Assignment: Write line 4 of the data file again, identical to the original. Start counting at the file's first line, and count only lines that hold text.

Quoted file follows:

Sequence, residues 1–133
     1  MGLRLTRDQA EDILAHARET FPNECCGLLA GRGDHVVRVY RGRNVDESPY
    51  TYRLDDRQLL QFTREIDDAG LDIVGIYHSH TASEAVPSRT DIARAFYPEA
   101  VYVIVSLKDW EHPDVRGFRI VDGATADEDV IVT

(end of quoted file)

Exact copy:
   101  VYVIVSLKDW EHPDVRGFRI VDGATADEDV IVT